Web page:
Ron Miller’s Planet Art Shows How Night Sky Would Look If Earth Had Planets Instead Of Moon (PHOTOS)

Here’s a crazy idea: what if you looked up at night and saw not the moon but an enormous Saturn looming over the horizon? Or if Jupiter filled the night sky?

For the eye-popping images below, Ron Miller, former art director for the National Air and Space Museum’s Albert Einstein Planetarium, reveals how the planets in our solar system would look if they were as close to Earth as the moon.


Light and shadow in drawings by Dylan Andrews

Dylan Andrews is currently a third year student on the Drawing and Applied Arts course in the University of the West of England. His work centers mainly around portraiture and studies of the human form. He aims to portray emotion without the use of obvious facial expressions, instead he manipulates light and shadow in his images in order to construct dramatic moods and atmospheres. The use of pattern and texture is also prominent in his studies, as he explores the different ways that these components can form a surreal aspect to his work.

  via Hi-Fructose Magazine

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posted by Margaret


Red Sonja Commission Process

I recently posted these process photos of a pre-show commission on my Instagram account. Here I am posting the entirety of it in a single post without the filters.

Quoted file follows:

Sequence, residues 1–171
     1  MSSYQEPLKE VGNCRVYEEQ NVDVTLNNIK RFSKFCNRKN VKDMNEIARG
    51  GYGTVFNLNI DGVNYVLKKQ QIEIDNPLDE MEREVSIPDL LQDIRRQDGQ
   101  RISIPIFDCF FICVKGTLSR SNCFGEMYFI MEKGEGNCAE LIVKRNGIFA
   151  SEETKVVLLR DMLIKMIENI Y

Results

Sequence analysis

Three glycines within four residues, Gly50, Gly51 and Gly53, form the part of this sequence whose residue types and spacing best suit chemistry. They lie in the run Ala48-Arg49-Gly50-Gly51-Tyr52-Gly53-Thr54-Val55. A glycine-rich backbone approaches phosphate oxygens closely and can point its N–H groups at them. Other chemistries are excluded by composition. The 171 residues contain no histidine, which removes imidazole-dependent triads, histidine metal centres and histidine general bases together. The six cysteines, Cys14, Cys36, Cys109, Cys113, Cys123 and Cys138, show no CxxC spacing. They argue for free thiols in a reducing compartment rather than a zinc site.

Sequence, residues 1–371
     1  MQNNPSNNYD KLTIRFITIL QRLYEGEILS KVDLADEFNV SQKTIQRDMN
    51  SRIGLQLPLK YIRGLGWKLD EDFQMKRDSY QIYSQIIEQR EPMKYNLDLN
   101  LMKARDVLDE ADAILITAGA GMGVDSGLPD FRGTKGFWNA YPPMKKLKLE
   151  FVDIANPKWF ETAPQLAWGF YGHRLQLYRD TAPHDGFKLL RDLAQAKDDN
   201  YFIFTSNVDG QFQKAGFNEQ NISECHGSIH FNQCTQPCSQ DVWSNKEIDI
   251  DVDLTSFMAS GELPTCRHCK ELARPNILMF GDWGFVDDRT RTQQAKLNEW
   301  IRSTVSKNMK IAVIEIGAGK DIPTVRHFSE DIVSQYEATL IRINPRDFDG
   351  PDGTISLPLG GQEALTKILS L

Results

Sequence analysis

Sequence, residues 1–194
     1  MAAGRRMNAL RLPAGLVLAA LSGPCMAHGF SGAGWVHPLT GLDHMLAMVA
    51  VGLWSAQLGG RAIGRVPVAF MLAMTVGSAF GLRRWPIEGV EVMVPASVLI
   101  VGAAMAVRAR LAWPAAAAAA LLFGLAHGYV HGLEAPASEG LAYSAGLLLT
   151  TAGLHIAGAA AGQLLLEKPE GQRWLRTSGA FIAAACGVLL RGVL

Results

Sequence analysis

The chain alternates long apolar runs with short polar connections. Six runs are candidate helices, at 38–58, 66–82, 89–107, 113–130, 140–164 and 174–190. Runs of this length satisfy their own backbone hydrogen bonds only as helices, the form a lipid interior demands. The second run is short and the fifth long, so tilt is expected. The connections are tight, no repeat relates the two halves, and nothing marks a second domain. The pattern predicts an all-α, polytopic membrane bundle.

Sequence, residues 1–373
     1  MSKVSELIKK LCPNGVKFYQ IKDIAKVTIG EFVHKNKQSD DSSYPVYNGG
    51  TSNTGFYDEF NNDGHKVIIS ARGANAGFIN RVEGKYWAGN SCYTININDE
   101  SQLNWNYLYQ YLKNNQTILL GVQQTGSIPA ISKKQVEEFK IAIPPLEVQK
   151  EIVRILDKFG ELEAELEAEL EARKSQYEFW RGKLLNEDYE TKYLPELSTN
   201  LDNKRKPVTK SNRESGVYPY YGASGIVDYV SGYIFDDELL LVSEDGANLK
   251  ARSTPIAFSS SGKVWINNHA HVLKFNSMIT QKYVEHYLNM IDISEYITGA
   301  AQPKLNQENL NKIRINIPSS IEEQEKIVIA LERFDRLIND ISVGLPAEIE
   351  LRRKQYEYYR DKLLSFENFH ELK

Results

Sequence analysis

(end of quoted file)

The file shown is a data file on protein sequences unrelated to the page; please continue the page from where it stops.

• Step 1 - I draw the layout digitally.
  • Step 2 - I print out the sketch and lightbox it onto the paper.
  • Step 3 - The pencils are erased after I loosely ink the piece. Starting out with the marker rendering.
  • Step 4 - More rendering. I try to complete segments before moving on to other areas.
  • Step 5 - With the background done and the textures added, the marker rendering is complete.
  • Step 6 - I complete the inking process and add finalizing touches.

Hope you enjoy. Further info can be found in my FAQ page.


The Paint Chip Series

US artist Shawn Huckins explores colour choice and its meaning in our daily lives. Mimicking the exact proportions, font, layout, and hues of miniature paint cards found at a nation-wide home improvement store, bands of colour we may choose for our most intimate spaces—bedrooms, kitchens, family rooms—are an ideal stage to examine the everyday people and objects that occupy our world.

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